Old Testament Lectionary 16th August Trinity 11 Proverbs 9:1-6

Regular thoughts on the oft-neglected Old Testament Lectionary passages.

The parallels with today’s gospel reading are clear: Wisdom, so often personified as a socially intelligent woman, offers to all who are interested a feast of food and wine. A glance at two other passages will help us get the best from this one, though.

The first is in the previous chapter, a passage which is the classic text on the personification of wisdom. She (perhaps because the Hebrew for ‘wisdom’ hokmah is a feminine noun) is pictured as being present at the creation of the world. She was the very first thing to be created by God (8:22) and was at his side throughout the process of creation (8:30). Whether the wisdom tradition writers saw her as a distinct being, or an aspect of God’s creativity, or even as the Holy Spirit is unclear, but the point is that wisdom is an absolutely fundamental and foundational characteristic of God’s intentions for his world.

Then we have her in our passage, preparing a banquet, starting as far back as building her own banqueting hall. The reference to the seven pillars carved out and/or set up by her suggests both significant size, and therefore room for all, and the perfection which seven represents. There may also be a reference back to the seven days of creation. The ‘simple’ (pethi) are invited, but so is absolutely everyone else. The simple are both those who are naïve through lack of experience, but also those culpably lacking in savoir faire because they have turned down the invitations to the feast. This makes them both gullible and reckless. The food and wine are sumptuous, and provide food for ‘insight’. The mention of ‘walking’ suggests not just a one-off flash of inspiration, but rather a life lived in the right direction long-term.


The concept of wisdom isn’t about what we might call intelligence or cleverness, but much more about knowing the prudent way to act in any situation, hence the French term above which best captures this meaning. But to understand it better we need to read the whole chapter, which the author surely intended us to. In the second part, from v13, we get Wisdom’s ugly sister ‘Folly’. She is simple, but in a way a bit more sinister than merely being naïve. She too sits in her doorway calling out to all comers. She purports to offer wisdom, but actually her house is full of deadness, and what she offers is dishonesty and cheap thrills.

Both Wisdom and Folly’s houses are at the highest point of the city, as the temple and royal palace would have been, and are therefore in a commanding and highly visible position. One can’t help but compare the messages sent out to us constantly through the media, TV adverts and so on, all claiming that in their products are to be found health, wealth and happiness. As with Folly’s wares, much of what we are sold turns out to be dead and empty, but the wise and experienced have learnt more discernment. I have often encouraged people in my congregations to ‘shout back at the Telly’: when someone says something crass, stupid or just plain wrong, just argue back with a wiser and more Christian perspective. I have a theory that the people on the telly can’t actually hear you, but your family can and it teaches us all not simply to absorb all that comes out at us, but to use the mind of Christ to see things from a different perspective. Whilst not brimming with Christian content the         TV show Gogglebox shows us different families interacting, often encouragingly, with the media.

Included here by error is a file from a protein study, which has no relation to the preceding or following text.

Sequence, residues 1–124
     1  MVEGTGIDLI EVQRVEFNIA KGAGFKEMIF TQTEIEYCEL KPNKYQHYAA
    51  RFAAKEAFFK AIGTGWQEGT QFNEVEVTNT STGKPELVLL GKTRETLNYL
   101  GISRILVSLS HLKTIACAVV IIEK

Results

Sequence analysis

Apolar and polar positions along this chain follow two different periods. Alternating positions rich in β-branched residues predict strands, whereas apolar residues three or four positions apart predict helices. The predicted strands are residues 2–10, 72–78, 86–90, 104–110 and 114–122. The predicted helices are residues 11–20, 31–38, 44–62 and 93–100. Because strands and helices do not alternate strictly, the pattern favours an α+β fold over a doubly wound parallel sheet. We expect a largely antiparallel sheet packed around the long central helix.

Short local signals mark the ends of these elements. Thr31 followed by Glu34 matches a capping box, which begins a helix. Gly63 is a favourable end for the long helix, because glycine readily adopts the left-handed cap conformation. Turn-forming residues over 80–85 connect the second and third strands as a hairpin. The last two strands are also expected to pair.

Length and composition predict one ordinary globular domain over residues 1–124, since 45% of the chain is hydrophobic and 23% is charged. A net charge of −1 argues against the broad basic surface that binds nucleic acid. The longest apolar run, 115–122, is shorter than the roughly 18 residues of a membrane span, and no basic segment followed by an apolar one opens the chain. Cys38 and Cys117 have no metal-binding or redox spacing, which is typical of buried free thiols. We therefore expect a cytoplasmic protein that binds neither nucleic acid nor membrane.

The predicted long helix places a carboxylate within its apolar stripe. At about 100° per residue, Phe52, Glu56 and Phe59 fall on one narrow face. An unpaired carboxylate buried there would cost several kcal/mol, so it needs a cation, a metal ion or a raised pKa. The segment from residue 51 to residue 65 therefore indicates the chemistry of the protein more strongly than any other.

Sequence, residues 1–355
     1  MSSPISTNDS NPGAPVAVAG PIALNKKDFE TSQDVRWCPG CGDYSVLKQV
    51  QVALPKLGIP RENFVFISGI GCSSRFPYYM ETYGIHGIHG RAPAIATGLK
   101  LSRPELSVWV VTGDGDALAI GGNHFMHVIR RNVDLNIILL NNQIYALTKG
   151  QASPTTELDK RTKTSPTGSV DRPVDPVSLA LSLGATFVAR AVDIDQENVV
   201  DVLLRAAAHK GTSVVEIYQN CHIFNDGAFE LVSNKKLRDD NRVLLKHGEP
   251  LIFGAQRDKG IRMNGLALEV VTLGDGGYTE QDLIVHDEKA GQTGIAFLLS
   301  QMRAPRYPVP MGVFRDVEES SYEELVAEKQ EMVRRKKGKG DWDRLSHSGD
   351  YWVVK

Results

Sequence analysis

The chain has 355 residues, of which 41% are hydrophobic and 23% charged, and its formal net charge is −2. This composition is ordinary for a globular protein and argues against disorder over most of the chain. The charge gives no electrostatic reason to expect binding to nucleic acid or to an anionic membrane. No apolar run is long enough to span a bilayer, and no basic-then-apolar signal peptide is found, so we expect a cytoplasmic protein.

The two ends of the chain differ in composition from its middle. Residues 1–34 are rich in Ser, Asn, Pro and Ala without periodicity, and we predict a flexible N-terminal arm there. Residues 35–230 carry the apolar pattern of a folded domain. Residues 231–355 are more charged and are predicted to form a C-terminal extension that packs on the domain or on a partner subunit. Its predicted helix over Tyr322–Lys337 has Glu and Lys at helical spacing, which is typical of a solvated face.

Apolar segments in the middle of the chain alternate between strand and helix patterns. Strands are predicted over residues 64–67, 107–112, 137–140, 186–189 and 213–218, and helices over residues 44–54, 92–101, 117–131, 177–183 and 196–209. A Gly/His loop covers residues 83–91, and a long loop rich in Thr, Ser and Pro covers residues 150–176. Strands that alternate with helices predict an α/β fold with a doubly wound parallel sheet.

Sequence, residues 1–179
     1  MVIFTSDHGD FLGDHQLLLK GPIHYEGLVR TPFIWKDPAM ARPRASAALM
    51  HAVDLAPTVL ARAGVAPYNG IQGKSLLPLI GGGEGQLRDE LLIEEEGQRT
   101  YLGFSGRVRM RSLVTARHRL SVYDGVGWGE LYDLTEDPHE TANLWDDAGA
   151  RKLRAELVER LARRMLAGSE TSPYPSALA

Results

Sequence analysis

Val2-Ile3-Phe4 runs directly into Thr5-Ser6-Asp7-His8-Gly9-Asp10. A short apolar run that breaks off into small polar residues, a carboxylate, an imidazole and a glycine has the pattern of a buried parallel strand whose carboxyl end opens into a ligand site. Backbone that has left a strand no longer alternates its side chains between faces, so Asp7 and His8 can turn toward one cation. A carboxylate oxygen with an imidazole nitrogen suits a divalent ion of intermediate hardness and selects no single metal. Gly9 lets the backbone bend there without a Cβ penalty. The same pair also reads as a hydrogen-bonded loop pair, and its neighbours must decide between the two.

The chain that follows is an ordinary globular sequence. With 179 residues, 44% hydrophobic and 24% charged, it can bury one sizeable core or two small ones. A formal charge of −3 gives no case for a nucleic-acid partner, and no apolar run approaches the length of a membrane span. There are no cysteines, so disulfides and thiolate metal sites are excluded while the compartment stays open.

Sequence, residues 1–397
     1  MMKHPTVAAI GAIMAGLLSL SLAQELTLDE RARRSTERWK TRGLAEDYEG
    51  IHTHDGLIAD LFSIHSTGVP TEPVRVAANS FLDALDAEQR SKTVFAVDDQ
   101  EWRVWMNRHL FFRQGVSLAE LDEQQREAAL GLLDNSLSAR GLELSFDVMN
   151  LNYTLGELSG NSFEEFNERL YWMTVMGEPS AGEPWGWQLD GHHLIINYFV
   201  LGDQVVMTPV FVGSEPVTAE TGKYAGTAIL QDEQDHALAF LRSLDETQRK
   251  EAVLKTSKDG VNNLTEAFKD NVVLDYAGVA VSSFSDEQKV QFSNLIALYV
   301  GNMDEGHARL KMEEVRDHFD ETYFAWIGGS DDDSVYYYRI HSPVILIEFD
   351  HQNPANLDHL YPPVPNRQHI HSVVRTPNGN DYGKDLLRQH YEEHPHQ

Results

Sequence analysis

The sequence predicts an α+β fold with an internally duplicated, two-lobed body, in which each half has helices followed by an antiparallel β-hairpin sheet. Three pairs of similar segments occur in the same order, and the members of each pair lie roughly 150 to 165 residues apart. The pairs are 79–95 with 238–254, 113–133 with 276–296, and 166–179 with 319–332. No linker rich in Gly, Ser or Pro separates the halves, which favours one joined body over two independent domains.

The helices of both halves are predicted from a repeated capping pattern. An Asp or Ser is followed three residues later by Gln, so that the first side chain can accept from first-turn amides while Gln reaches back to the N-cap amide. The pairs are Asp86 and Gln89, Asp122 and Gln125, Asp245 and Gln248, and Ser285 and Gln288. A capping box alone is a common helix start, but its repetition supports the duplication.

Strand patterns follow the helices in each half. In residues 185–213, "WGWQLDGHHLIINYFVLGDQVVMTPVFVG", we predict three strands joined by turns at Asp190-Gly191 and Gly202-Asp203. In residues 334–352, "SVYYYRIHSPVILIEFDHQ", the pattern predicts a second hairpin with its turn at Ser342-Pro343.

In the gospel reading Jesus also offers food and drink, but not just for this life. Food and wine from Christ nourish us into eternity.

Image: Vassia Atanassova – Spiritia [GFDL (http://www.gnu.org/copyleft/fdl.html) or CC BY-SA 3.0 (http://creativecommons.org/licenses/by-sa/3.0)%5D, via Wikimedia Commons

OT Lectionary Apr 5th Easter Sunday Isaiah 25:6-9

 Reflections on the oft-neglected OT lectionary passages

Those among my dear readers who have undergone any academic training will probably have had to answer this essay question: ‘1 Corinthians 15:4 states that Christ “was raised on the third day according to the Scriptures”. Which scriptures, exactly?’

This is an interesting question: Paul, along with our liturgical creeds, clearly saw the resurrection as have been predicted in some way in the OT, although it is not easy to see exactly where. So our solitary OT lectionary passage for Easter Day (not counting the Psalm, of course) doesn’t directly address the resurrection per se, but it does talk in symbolic language about what some of the results of resurrection might be, whether or not it directly expected the physical resurrection from death of an individual.

It’s worth noting first that Isaiah’s scene is played out on a mountain, while Jesus is crucified on Skull Hill. In the OT mountains are often places of encounter with God, and most clearly the place of law. The cross becomes the place where earth and heaven meet, but the place of law becomes the place of grace.

Isaiah begins here, as he so often does, with food. Whatever event he is looking towards, it is set around a laden table, with people celebrating joyfully with the finest of fare, something of a contrast with the austerity of the Last Supper. It is also a feast open, he tells us, to all peoples. The resurrection of Jesus, our lectionary compilers are clearly trying to tell us, is for celebration and nourishment, and all are welcome, not just ‘PLU’s (People Like Us).